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Podcast: Business Is Boring #15 – Karen Walker

‘Business is Boring’ is a weekly podcast series presented by The Spinoff in association with Callaghan Innovation. Host Simon Pound speaks with innovators and commentators focused on the future of New Zealand, with the interview available as both audio and a transcribed excerpt.

To people in New Zealand Karen Walker is a household name as a designer and business person, famous for women’s clothing, the jewellery, perfume, sunglasses and pioneering powerful fashion brand partnerships, like her range of Resene paint colours.

Karen's tiny house painted with a tiny brush and tiny pots of tiny paint

Karen’s tiny house painted with a tiny brush and tiny pots of tiny paint

But Karen Walker is not just a significant figure in New Zealand, she is a fixture on the Business of Fashion’s list of the 500 most influential figures in fashion worldwide, the brand’s sunglasses are worn by the world’s most famous stars: Rihanna, Adele, LeBronJames… and when they showed at New York fashion week their show would be front page of Style.com.

The brand has partnered with some of the world’s biggest retailers, Uniqlo in Japan, Anthropologie in the US, they have around 1000 stockists worldwide, and the sunglasses are reported to be a 35 million dollar a year business.

This is success on a scale that maybe not that many people in NZ totally grasp, and it hasn’t happened overnight. Over 20 years Karen and her partner Mikhail Gherman and her teams have created a real global super-brand, and to learn a little about some of the steps on the way, about what it takes, Karen joined us for a wide-ranging and very instructive enjoyable chat.

Either download or have a listen below, subscribe through iTunes or read on for a transcribed excerpt.

How do you build those ideas that take something that is undifferentiated and differentiate it just through the shapes and the ideas and the imagery?

It all comes down to not going ‘close enough is good enough’, that’s kind of it. Not compromising, I would say, is the most important thing everyday in what we do. It’s not going ‘you can’t make the lenses flatter or bigger? Okay well that’s fine, we’ll just have that funny little curved, tinted lens that everybody else has and stick a logo on the temple.’ That sort of compromise is not something we ever allow. If you can’t do it right and do it to the vision, then you don’t do it. I think that’s probably the difference.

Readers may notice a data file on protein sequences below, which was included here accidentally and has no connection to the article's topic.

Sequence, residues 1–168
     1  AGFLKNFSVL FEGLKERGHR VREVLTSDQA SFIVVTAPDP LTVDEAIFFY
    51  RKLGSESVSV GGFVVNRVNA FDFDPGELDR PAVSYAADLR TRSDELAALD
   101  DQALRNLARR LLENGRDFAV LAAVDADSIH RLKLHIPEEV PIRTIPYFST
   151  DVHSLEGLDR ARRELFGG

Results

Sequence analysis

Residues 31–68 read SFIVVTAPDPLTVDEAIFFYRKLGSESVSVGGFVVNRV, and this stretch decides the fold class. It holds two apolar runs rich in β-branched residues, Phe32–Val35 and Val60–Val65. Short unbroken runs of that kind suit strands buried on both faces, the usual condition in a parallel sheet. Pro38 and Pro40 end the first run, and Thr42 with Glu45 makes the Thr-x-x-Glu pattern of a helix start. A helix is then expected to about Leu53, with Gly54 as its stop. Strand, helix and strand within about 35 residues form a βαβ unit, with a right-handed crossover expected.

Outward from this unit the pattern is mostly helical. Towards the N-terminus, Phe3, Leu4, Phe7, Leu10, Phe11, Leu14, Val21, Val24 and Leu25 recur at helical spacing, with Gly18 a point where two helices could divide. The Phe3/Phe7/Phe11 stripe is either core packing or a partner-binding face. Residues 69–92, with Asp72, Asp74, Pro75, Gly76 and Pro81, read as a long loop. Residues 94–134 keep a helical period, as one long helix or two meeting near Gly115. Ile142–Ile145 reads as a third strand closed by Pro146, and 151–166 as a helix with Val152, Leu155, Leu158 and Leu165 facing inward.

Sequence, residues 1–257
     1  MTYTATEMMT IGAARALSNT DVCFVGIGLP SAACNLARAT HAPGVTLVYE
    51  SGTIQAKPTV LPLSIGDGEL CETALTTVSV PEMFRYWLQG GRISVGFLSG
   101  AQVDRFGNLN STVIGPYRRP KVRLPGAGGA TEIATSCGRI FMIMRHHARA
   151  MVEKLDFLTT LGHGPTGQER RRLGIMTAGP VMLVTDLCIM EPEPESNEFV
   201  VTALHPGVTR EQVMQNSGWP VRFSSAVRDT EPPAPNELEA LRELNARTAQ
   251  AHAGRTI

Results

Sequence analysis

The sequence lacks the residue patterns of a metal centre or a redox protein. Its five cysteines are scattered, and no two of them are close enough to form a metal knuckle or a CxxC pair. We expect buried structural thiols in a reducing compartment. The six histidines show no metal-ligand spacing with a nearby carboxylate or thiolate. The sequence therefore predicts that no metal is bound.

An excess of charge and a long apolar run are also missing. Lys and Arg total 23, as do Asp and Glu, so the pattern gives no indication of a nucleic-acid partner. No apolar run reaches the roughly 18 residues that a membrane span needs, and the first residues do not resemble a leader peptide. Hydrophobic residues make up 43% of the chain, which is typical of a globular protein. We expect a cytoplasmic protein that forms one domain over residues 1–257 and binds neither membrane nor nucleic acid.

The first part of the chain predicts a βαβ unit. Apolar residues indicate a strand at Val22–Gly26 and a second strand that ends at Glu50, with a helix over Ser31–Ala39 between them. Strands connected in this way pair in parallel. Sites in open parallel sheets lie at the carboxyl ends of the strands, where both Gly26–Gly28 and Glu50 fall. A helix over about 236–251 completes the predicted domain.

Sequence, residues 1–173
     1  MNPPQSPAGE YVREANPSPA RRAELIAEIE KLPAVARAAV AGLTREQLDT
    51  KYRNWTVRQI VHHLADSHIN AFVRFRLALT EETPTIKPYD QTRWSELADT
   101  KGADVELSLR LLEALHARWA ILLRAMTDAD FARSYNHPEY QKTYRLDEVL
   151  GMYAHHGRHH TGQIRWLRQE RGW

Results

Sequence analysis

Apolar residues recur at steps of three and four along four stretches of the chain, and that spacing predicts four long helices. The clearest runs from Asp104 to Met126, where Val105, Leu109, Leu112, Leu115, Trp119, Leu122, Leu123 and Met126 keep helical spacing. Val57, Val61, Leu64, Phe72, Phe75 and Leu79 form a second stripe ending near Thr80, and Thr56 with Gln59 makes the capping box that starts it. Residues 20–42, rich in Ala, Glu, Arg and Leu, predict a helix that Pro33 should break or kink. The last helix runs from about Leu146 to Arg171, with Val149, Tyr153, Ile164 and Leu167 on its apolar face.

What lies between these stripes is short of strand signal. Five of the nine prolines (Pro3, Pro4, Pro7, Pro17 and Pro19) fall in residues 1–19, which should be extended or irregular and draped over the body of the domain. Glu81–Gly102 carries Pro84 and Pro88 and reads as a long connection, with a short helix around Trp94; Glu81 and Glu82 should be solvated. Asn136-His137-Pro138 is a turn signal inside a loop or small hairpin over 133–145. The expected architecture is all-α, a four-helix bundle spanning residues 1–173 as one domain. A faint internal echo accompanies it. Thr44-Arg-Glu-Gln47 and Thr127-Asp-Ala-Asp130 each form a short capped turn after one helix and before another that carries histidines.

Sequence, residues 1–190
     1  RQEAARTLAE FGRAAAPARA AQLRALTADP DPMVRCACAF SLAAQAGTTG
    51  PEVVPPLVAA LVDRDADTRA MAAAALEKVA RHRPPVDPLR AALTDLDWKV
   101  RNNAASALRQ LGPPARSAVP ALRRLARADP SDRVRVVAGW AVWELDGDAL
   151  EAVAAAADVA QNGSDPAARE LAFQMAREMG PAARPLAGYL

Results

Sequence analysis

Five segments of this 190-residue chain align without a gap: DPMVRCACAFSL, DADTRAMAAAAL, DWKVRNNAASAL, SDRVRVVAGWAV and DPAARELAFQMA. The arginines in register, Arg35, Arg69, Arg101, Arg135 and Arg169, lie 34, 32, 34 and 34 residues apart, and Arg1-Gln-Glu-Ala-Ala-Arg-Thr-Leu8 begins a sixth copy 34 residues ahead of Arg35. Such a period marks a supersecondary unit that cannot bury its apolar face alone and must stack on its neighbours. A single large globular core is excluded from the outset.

But also having an overall vision and being very clear on the ideas, very clear on the creative, not compromising on that. Having a clear vision not just for the product, but for where the brand and the product should sit and what it should mean. What it should say to people and how it should make people feel. What does the brand mean? What do you we want people to feel when they experience the brand, in whatever form they experience it. And not compromising on that, I think that’s the key thing.

The design business, no matter what area you’re in – typefaces or whatever – there are ones at the pointy end of the spear who are actually going, without compromise, ‘this is my vision and it’s something new’. And then you have 100 people doing that or 1000 or whatever, there’s some people who work like that and then there’s others who trail behind and regurgitate all the idea. That’s the nature of the design business. Our point as always been that we’re at the pointy end. Whatever you guys do behind us, we don’t care about, but this is our vision.

The way that you managed to bring that in stores, for the sunglasses, the bar that you built to travel around to all of the stores because otherwise they’re just sunglasses on a stand.

In-store experience is a funny one. If you have your own stores and you do it right, it’s brilliant for the brand and if you do it wrong it hurts the brand. Ditto if you’re selling into other people’s stores. If it’s in the right store it enhances your brand, if it’s, say, Barneys. And if you’re in the wrong it hurts your brand.

Then you’ve got the whole digital footprint as well that if you do that right it’s good for your brand, if you do it wrong it hurts your brand. Every decision along the way; where it’s sold, how it’s presented, what the experience is, what the product is. Every single decision has to be made on ‘is this in line with our vision for the brand or not?’ Including who we sell it to and how it’s presented in their stores. And we’re very … almost militant around that.

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